|dc.description.abstract||This article considers section 4(2)(b) of the South African Consumer Protection Act 68 of 2008 (hereafter the CPA), which grants a power to courts and the National Consumer Tribunal to make "appropriate orders to give practical effect to the consumer's right of access to redress", including, but not limited to, "any innovative order that better advances, protects, promotes and assures the realisation by consumers of their rights" in terms of the CPA (in addition to any order provided for in the CPA). First, a brief overview of the provisions on interpretation of the CPA is given, to give context to the interpretation of the power of the courts to make innovative orders. Thereafter, instances are discussed where it is undoubtedly clear that innovative orders are needed, that is, where the CPA creates a right without a remedy. Examples are the consumer's right to receive delivery of the goods or performance of the services within a reasonable time where no time for performance was agreed upon, and the consumer's right to assume that "the supplier has the legal right, or the authority of the legal owner", to supply the goods. This part includes analysis and criticism of the only reported decision which discusses the delineation of the power to grant innovative orders, and which unjustifiably refused to grant such an order in respect of the consumer's right that the goods supplied "remain useable and durable for a reasonable time".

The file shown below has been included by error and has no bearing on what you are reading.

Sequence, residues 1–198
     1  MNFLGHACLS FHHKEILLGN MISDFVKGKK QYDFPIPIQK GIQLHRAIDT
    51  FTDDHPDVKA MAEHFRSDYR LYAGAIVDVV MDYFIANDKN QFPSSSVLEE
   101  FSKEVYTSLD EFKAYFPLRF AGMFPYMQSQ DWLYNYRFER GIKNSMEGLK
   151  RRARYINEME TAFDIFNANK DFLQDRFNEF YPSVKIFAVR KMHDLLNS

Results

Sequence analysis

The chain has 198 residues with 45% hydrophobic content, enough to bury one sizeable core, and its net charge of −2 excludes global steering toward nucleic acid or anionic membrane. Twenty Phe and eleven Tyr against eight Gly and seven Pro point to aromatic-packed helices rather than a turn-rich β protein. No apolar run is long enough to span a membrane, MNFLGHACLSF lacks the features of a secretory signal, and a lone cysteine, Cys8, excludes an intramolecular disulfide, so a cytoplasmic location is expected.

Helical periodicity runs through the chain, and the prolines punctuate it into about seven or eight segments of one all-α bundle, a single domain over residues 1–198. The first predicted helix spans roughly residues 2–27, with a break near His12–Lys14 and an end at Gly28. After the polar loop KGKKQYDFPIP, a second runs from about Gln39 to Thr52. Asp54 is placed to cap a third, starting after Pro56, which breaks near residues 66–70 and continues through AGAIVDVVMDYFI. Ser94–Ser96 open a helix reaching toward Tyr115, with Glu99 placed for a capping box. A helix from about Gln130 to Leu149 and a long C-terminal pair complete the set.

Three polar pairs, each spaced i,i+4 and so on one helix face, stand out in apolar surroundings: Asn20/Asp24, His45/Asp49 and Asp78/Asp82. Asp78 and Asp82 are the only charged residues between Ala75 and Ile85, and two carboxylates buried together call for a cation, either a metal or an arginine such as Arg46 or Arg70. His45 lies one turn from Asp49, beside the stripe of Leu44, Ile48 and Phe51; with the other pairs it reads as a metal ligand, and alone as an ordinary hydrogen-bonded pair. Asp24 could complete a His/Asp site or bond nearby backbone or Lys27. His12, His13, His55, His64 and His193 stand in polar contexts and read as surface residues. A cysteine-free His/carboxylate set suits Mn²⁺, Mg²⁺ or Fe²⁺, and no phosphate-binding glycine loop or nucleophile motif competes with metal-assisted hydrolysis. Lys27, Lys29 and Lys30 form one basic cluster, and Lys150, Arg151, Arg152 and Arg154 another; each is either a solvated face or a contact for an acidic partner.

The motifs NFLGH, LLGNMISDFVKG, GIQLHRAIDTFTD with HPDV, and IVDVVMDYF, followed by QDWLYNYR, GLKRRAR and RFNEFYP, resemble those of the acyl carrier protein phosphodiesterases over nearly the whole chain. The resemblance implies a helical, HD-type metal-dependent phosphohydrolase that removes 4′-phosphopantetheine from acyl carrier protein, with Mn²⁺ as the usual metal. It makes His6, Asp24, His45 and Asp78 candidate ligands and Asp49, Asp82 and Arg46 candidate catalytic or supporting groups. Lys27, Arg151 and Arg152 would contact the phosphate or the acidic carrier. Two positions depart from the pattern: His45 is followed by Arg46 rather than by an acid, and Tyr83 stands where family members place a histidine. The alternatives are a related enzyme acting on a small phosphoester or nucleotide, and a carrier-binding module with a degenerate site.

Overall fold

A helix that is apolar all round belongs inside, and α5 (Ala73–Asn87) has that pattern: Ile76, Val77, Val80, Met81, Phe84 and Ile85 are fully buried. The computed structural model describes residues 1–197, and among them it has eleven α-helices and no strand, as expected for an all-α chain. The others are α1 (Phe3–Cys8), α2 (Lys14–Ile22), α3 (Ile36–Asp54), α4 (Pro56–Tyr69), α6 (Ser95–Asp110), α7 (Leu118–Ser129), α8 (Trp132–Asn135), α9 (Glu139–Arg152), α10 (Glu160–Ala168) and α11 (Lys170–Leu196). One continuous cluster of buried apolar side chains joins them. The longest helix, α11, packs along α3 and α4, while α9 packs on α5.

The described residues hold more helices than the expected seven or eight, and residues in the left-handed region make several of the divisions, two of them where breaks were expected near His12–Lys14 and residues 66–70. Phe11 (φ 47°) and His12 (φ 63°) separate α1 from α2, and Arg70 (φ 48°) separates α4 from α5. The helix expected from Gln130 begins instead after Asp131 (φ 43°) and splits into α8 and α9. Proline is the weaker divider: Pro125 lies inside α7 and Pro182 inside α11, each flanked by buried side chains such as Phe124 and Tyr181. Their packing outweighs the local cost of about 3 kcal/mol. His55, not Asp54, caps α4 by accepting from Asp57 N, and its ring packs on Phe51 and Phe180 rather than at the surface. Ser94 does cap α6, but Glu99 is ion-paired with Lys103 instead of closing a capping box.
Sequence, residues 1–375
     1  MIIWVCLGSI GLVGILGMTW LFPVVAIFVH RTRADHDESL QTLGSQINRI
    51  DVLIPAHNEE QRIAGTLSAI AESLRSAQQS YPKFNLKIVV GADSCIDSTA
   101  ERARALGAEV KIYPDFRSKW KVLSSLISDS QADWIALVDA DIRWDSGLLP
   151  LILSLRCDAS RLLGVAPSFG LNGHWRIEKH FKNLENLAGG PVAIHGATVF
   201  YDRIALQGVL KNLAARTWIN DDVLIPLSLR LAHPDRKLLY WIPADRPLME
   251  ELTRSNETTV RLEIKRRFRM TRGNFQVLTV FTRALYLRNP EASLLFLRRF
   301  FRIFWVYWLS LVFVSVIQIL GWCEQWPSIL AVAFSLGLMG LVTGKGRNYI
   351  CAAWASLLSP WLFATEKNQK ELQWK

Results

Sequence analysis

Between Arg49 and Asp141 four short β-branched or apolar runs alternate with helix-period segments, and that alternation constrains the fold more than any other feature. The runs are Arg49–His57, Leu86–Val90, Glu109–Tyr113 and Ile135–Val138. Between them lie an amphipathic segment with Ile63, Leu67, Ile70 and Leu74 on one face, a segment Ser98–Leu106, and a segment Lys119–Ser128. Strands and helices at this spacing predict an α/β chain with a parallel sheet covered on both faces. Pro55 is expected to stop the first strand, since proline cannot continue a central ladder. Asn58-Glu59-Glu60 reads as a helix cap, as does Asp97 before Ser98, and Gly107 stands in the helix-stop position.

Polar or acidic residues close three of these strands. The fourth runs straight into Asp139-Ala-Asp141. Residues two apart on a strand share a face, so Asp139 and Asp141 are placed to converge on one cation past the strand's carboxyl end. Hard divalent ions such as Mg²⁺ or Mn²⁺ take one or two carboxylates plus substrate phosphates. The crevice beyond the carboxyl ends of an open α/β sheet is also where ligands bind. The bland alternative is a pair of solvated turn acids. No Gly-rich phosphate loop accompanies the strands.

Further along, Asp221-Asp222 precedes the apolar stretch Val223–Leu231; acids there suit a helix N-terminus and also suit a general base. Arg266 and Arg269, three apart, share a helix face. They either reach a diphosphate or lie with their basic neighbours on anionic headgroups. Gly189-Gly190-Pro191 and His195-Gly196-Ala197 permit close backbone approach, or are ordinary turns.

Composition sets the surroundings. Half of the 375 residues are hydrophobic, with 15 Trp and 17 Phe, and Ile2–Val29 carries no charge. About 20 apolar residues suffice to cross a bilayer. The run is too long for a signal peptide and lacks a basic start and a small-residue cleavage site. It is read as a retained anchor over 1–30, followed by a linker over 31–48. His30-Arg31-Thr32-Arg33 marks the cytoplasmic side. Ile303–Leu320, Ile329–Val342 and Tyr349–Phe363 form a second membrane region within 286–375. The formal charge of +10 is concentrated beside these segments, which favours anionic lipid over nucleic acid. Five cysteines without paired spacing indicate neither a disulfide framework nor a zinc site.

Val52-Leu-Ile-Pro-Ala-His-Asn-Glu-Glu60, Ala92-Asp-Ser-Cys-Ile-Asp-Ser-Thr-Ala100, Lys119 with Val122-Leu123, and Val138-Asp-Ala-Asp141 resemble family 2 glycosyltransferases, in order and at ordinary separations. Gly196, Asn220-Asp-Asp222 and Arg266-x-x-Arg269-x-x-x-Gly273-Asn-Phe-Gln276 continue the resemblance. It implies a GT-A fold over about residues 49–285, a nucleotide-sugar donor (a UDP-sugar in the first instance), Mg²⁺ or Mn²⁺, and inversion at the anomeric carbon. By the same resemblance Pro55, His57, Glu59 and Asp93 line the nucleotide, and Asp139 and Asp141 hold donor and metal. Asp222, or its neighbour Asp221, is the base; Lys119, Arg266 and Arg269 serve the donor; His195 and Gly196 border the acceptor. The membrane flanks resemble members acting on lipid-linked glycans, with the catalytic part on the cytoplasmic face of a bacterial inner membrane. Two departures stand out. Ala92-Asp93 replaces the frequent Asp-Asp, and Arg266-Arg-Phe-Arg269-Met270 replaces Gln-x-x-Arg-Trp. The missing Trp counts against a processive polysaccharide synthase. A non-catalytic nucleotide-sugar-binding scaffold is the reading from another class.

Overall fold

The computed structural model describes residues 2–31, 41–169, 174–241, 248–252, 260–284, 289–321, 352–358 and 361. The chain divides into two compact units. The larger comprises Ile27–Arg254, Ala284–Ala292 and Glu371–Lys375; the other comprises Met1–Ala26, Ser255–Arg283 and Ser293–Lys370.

The article then considers situations where there is no clear gap in the CPA such as a right without a remedy, but the CPA is nevertheless ambiguous and policy considerations call for an innovative order. This part gives an example of a case where the National Consumer Tribunal briefly referred to section 4(2)(b) on innovative orders in support of a new rule on the suspension of prescription (time limitation) not recognised in the text of the CPA. Part 5 of the article considers the types of orders that were probably envisaged by the legislature when drafting section 4(2)(b) on innovative orders, such as publicity and compliance programme orders, which serve to increase the effectiveness and preventative effect of orders on prohibited conduct. This part of the article considers legislation from the United Kingdom on such orders, which is referred to as "enhanced consumer measures".||en_US